Jazz and blues are voices of freedom born out of oppression. Throughout much of American history slavery, repression, and legal and societal segregation permeated all aspects of life for African Americans. In response, they created a different sense of underground freedom with music, specifically in the development of blues and jazz. These musical forms that were so nuanced, that for the most part, they escaped notice by White America. Ironically, these musical forms would infuse American music for generations; from the birth of recorded music and beyond, they influenced what was being played across radio airwaves, from juke boxes, and in concert and dance halls across the United States and beyond. Those largely untold stories behind the music and musicians are what this three part series, "Live Free or Swing,” is all about.
Facilitated by musician and educator, T. J. Wheeler; sponsored by the UNH Library’s New Hampshire Library of Traditional Jazz, and coordinated by the Discovery Program and Professor Bill Ross of the Library's Milne Special Collections & Archives.
All programs are scheduled from 5:00-6:30pm in MUB Theatre II.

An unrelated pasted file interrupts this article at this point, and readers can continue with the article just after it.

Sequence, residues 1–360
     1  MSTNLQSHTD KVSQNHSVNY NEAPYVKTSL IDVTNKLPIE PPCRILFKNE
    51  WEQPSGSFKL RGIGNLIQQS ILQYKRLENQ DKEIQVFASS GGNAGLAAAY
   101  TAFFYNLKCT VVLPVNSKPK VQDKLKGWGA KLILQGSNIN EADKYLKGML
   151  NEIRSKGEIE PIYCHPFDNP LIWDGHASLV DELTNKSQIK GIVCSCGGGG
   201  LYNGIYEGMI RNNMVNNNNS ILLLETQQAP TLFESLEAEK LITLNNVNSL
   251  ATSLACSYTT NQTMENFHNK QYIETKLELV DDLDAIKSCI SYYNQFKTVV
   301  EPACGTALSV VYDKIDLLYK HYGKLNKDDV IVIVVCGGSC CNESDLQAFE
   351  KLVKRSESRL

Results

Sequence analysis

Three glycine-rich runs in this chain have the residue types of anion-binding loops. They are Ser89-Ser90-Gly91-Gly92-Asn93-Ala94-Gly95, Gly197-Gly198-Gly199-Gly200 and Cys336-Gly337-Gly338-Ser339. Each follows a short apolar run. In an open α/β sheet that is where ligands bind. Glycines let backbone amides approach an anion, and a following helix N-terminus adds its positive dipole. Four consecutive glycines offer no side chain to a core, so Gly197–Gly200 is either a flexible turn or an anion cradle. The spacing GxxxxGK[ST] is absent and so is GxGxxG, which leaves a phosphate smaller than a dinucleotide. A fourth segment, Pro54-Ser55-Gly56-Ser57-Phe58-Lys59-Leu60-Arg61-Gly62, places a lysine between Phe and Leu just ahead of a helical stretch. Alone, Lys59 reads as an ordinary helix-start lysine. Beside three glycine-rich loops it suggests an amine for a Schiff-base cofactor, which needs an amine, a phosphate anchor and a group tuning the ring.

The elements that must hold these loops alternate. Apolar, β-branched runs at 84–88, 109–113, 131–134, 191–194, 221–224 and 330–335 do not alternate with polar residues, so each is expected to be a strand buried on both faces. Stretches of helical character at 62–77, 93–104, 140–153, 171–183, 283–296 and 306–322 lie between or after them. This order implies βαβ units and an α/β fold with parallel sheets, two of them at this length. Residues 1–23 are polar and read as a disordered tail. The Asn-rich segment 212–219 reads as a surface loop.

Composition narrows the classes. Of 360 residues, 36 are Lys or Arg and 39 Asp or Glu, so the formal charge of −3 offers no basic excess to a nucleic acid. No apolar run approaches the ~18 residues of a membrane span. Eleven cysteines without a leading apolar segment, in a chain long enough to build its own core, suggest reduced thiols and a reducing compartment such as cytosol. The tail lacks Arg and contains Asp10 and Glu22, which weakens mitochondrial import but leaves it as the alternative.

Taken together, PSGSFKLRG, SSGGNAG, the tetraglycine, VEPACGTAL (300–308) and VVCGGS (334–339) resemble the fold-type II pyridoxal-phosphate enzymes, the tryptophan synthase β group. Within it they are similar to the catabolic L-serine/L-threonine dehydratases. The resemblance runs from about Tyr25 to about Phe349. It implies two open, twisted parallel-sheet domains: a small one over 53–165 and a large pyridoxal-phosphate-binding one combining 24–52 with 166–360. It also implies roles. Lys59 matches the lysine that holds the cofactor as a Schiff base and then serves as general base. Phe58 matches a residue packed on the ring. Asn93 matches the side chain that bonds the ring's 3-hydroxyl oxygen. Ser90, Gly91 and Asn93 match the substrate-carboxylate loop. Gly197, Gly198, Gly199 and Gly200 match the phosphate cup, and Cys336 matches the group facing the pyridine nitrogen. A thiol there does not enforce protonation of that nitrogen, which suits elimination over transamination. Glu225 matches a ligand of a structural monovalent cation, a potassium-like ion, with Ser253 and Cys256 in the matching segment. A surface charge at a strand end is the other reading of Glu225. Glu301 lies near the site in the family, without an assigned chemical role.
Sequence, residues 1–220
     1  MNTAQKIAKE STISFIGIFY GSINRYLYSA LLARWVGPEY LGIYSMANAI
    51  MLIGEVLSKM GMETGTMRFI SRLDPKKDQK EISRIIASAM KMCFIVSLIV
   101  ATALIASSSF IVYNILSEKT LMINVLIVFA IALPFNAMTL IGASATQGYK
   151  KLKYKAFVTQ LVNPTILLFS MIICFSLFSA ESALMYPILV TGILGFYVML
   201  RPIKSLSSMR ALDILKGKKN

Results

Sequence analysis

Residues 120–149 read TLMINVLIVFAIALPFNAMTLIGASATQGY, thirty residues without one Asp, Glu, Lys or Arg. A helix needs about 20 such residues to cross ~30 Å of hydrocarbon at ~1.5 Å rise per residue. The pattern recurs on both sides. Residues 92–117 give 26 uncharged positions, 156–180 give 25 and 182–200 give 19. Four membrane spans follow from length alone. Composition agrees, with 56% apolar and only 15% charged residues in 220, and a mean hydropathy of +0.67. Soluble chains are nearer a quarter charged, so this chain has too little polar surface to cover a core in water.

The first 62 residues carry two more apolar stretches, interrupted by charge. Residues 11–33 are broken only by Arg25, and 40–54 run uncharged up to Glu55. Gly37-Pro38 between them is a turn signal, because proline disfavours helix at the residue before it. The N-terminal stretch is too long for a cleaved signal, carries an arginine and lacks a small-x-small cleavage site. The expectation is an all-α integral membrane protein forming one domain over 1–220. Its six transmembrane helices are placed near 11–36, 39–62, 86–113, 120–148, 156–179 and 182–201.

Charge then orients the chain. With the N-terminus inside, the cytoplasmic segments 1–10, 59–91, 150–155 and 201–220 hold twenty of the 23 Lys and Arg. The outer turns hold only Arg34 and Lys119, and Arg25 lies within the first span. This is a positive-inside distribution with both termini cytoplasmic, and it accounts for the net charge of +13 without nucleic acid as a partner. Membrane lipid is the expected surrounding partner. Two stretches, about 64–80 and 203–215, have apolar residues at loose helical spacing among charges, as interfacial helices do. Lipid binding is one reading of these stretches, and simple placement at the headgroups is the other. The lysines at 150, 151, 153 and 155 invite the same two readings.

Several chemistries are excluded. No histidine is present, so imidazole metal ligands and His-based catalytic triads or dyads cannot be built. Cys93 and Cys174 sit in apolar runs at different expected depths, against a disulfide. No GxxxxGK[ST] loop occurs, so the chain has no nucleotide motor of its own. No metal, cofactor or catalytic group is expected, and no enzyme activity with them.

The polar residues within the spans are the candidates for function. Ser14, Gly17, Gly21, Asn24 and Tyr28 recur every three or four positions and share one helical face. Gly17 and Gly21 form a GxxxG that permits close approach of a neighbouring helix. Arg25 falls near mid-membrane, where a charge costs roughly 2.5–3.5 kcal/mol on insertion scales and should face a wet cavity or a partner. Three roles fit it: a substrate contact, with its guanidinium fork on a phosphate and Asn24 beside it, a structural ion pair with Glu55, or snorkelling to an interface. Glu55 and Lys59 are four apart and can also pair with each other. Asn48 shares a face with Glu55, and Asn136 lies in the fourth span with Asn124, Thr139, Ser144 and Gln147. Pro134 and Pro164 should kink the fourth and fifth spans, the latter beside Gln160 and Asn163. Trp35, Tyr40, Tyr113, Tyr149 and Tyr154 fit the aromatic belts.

Wed 2/20/13 - LIVE FREE OR SWING! A Peoples History of Jazz & Blues
Program 1: The Moan ... The African Diaspora, Slavery, and Civil War. The role of Africa, the Caribbean, slavery, and religion in the development of African-American music.
Wed 3/27/13 - LIVE FREE OR SWING! A Peoples History of Jazz & Blues
Program 2: Freedom, Jim Crow, and the Development of American’s True Art Form: Jazz. How black migration, segregation, and a variety of musical traditions came together to produce jazz.
Wed 4/17/13 - LIVE FREE OR SWING! A Peoples History of Jazz & Blues
Program 3: The River Runs with the Blues: Jazz Comes Home and the Blues had a Baby. Jazz simultaneously evolves and returns to its roots, while the blues puts a permanent stamp on American popular music.